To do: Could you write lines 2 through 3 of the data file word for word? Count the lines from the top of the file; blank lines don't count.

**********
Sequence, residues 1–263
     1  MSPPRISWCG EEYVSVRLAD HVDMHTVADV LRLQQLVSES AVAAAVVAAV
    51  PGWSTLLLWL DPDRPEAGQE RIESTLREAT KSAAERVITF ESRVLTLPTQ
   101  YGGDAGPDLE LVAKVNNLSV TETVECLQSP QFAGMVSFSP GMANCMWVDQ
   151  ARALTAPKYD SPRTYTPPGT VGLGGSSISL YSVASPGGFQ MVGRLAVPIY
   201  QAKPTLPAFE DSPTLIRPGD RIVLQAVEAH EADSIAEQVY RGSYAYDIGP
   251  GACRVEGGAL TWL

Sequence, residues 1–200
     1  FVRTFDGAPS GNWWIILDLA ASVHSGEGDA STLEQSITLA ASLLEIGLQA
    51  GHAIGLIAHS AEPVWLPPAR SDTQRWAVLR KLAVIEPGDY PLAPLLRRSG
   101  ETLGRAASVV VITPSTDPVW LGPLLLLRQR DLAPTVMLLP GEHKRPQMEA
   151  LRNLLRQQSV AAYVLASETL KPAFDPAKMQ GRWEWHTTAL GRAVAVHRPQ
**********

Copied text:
     1  MSPPRISWCG EEYVSVRLAD HVDMHTVADV LRLQQLVSES AVAAAVVAAV
    51  PGWSTLLLWL DPDRPEAGQE RIESTLREAT KSAAERVITF ESRVLTLPTQ